Greg Abbott won a third term as Texas governor, defeating former State Rep. Beto O’Rourke, who was trying to become the first Democratic governor in Texas in more than 25 years.
Decision Desk HQ called the race at 9:23 CST, with 58% of the votes in and Abbott holding a 54% to 44% lead over O’Rourke.
Abbott was in McAllen with about 400 supporters to wait for the results of one of the most expensive midterm races of 2022. Abbott raised over $100 million during this cycle and spent $135 million with the help of previous funds in his coffers.
O’Rourke raised $73 million and spent nearly all of it. O’Rourke did perform better than the Democratic gubernatorial candidate in Florida, Charlie Crist, who received less than 40% of the vote.
Incumbent Republican Gov. Ron DeSantis has nearly 60% of the vote, with 97% of precincts reporting.
In the end, polls that consistently showed Abbott with a lead of around ten percentage points turned out to be correct.
In the race for lieutenant governor, incumbent Dan Patrick looks likely to hold off Democratic challenger Mike Collier to win a third term. The final margin also appears to be wider than when the two faced off four years ago, and Patrick defeated Collier by 5%.
With 56% of the votes reported, Patrick had a 56% to 42% lead over Collier.
Ken Paxton will win his third term as attorney general after overcoming a brutal primary campaign where he drew three Republican challengers and needed a runoff to defeat former Land Commissioner George P. Bush.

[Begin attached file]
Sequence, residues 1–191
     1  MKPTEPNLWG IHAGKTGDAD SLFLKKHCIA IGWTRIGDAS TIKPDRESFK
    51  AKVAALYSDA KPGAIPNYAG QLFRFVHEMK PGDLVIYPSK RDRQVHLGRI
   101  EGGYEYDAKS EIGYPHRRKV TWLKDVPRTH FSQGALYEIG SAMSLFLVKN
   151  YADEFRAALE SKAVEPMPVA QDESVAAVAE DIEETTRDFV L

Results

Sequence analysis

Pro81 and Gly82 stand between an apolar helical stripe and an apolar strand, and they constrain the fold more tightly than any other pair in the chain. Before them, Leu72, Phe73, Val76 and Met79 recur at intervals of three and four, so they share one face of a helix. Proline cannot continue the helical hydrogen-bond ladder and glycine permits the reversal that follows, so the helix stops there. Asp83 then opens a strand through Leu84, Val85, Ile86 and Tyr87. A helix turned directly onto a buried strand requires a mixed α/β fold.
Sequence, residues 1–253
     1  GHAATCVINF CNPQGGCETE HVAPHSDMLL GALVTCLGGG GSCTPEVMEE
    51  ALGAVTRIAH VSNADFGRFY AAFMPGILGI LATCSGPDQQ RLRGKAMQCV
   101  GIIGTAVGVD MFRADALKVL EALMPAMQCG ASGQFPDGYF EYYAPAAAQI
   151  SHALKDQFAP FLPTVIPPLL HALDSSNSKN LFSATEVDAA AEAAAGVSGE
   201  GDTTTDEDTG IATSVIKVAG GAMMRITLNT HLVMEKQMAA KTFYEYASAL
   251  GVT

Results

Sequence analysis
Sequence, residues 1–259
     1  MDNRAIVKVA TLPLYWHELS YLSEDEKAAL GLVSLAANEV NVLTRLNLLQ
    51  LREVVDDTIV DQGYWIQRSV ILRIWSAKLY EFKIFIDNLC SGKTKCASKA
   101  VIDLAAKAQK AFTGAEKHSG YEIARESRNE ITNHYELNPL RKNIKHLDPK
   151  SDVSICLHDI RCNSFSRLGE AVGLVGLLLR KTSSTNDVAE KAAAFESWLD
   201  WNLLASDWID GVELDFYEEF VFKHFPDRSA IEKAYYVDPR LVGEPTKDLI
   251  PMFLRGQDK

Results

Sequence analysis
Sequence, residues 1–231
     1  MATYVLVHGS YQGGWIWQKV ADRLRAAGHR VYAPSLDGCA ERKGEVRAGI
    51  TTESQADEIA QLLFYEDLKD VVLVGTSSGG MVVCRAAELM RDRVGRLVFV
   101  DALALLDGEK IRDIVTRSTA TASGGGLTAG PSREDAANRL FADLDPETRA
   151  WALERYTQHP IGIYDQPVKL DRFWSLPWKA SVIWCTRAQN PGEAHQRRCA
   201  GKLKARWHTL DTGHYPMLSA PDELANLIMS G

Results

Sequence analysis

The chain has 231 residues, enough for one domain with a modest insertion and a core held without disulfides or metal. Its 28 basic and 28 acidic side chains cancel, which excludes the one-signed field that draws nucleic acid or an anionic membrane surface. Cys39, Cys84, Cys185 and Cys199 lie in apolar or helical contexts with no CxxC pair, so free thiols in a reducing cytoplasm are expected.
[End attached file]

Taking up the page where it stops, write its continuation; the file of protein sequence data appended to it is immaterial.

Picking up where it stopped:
Paxton has a 55% to 42% lead over Democrat Rochelle Garza with 56% of the votes reported, a former American Civil Liberties Union and defense attorney.
Garza attempted to hit Paxton on an FBI investigation into alleged abuse of office and a criminal indictment on securities fraud charges. Pundits expected the race for AG to be the closest of the statewide races, but it was not that close in the end.
Republicans appear very likely to sweep the remaining statewide offices with around 57%-58% of the votes in their favor with over half of the ballots counted.
Incumbent Sid Miller is defeating Democrat Susan Hays in the race for agriculture commissioner, incumbent Comptroller Glenn Hegar is comfortably ahead of Democrat Janet Dudding, and State Sen. Dawn Buckingham looks set to become the state’s new Land Commissioner by besting Democrat Jay Kleberg.
In the race for railroad commissioner, incumbent Republican Wayne Christian won reelection over Democrat Luke Warford for the office that carries a six-year term.
U.S. Congressional races
A couple of races for U.S. House seats in South Texas were expected to be close.
In the redrawn 15th District, Republican and Donald Trump-endorsed Monica De La Cruz will likely defeat Democrat Michelle Vallejo. With 77% of the votes reported, De La Cruz has 54.5% of the votes to Vallejo’s 43.7%.
In McAllen, Gov. Abbott celebrated De La Cruz’s win.
“We planted our flag in South Texas and we showed America that South Texas is now electing Republicans,” said Abbott. “This area will now be represented by a Hispanic woman for the first time… and the first thing she’ll do is fire Nancy Pelosi.”
In the 28th District, which includes Laredo, nine-term incumbent and the lone anti-abortion Democrat in the House Henry Cuellar is very likely to hold off a challenge from Republican Cassy Garcia. With 72% of the votes counted, Cuellar had a 55.7%-44.3% lead over Garcia.
Democrat Rep. Vicente Gonzalez chose to run in the 34th District rather than his current 15th District and is currently ahead of Republican Rep. Mayra Flores, who won the special election for the seat in June. With 67% of the votes counted, Gonzalez has a 53.7% to 43.5% lead.